It should be a universally recognized unofficial rule in a city with about 100 years of experience to learn from: when there’s a foot or more of fresh snow on the ground, you need to cancel schools.
I live on the West Side, a block from International School #45 and two blocks from Lafayette High School. My street around 8 am every weekday morning is a major conduit for walkers for both schools and for the buses coming in to School #45. This morning, a fraction of the usual crowd passed bravely by. One father carrying his son and trailed by two other kids lamented as I shoveled: “They shoulda closed the schools, man!”
Indeed. Just beyond him, a school bus had jack-knifed, effectively closing the street from any school bus service to School #45. Several teachers were also on the street making their way into the buildings after parking further away from the school than usual.
At that moment, I got a robo-call and email from the Buffalo Public Schools. A last-ditch face-saving word of advice:
Parents and Guardians, Please be aware the Buffalo Public Schools are open today. However there may be transportation delays. We ask for your patience. The district makes every possible effort to keep schools open as long as busses can run. The decision to keep your child home is based on your discretion and your own circumstances. Please note after school activities have been canceled for today. Continue to check the website for details.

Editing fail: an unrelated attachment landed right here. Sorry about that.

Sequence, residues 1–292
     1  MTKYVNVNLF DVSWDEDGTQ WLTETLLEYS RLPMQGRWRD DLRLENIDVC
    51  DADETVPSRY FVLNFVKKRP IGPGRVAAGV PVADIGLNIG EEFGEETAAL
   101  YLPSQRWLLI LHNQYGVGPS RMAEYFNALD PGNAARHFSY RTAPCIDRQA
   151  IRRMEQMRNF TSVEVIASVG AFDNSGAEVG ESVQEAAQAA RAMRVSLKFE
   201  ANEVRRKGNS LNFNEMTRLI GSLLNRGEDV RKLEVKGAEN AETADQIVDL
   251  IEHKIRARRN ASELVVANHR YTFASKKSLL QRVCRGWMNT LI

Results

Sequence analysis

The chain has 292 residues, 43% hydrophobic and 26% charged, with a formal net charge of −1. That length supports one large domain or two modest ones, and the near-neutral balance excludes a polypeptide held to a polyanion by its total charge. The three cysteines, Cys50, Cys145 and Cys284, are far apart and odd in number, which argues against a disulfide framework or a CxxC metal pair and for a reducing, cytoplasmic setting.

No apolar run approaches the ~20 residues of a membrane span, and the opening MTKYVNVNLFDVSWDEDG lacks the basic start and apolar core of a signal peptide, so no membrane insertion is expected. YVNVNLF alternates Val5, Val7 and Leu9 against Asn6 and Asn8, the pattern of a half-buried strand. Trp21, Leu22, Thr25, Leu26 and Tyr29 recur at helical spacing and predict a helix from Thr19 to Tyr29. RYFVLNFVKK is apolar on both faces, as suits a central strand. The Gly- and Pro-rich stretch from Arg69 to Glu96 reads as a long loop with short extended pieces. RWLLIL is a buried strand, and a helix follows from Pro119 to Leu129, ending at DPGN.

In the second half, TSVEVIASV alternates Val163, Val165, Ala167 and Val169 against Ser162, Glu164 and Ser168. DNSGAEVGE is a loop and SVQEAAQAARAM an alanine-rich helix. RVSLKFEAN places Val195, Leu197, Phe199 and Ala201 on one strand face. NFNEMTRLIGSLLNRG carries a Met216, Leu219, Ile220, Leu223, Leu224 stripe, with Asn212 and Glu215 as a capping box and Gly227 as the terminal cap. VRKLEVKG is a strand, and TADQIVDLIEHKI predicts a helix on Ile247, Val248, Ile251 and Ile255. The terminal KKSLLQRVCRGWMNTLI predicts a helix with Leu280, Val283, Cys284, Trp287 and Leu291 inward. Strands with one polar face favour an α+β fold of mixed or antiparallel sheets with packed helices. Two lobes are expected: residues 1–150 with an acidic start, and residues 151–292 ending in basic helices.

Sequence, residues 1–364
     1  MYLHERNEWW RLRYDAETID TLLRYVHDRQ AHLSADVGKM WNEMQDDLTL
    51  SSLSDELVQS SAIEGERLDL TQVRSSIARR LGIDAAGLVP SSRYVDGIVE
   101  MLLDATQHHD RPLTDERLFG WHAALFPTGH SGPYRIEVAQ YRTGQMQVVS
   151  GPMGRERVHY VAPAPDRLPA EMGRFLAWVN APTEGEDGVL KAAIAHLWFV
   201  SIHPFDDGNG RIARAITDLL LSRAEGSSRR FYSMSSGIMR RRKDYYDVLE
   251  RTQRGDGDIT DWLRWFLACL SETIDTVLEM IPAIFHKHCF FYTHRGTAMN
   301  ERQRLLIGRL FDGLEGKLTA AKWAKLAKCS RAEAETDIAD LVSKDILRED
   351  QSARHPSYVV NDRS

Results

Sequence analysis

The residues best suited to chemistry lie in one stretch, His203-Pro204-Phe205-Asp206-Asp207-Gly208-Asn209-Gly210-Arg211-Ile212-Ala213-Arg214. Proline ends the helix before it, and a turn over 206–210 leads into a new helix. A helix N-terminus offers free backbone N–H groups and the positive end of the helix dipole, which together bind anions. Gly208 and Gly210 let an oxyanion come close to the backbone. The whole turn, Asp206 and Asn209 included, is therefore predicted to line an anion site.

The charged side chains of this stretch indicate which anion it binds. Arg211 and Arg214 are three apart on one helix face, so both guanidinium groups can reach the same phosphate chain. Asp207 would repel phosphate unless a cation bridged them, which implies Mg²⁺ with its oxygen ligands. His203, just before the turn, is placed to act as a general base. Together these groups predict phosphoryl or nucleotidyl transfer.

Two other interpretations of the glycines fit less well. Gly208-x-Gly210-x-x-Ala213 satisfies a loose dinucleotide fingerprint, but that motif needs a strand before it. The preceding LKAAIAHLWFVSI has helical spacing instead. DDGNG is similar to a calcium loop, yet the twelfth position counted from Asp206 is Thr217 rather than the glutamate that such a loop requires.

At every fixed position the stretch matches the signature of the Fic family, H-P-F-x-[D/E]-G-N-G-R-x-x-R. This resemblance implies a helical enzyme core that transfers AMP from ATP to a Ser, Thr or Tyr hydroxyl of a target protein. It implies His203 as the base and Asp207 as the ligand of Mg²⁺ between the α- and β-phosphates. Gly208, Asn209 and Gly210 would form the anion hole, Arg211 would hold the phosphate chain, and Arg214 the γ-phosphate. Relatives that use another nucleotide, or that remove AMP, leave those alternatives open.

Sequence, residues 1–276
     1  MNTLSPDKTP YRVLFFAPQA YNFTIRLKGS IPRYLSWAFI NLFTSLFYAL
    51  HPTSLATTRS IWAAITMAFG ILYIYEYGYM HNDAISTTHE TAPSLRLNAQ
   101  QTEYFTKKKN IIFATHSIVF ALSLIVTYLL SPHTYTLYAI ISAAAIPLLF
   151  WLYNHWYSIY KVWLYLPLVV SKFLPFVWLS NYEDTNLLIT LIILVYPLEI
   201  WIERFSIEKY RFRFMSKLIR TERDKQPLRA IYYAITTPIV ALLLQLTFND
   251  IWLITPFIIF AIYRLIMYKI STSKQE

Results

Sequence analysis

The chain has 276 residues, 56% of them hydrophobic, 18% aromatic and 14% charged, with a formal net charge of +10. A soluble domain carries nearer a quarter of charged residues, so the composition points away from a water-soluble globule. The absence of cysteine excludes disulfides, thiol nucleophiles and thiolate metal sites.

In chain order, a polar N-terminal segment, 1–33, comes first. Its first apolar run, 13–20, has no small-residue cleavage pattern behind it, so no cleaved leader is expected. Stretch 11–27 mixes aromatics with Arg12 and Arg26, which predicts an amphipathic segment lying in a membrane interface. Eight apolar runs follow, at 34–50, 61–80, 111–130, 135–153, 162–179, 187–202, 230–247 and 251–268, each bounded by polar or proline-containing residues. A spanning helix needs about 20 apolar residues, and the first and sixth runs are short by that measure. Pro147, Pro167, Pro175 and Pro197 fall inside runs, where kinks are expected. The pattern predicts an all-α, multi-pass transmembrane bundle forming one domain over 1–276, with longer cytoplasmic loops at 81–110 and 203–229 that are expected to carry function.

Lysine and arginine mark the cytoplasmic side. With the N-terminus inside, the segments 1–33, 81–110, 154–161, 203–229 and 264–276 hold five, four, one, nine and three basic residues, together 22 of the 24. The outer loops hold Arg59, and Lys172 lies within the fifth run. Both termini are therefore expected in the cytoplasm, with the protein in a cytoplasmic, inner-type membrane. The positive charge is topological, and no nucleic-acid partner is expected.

This is as close to a mea culpa as we’ll probably get, an attempt to indemnify itself against the storm of criticism to come from the parents of children who will wait an hour or more on their corners in 12 degree weather in a still-driving snow. Otherwise, a district that faces such staggering absenteeism rates would never offer such language to parents. Canceling after-school activities but keeping school open? What sense does that make?
It’s understandable that after the November storm the district needs to be judicious with its canceled days of instruction, but this is patently absurd. We all knew this storm was coming since at least Saturday. It should have caught no one by surprise. Family members of mine who work in the school system are telling me that buildings are nearly empty, buses have not yet arrived and when they do there are scant few kids on board, and that buildings are understaffed as teachers across the area are struggling to get out of their driveways and around obstacles on the roadways.
I merely hope that all the children and parents attempting to go to school today make it in safely. And here’s hoping that everyone makes it safely back to the homes they never should have been expected to leave.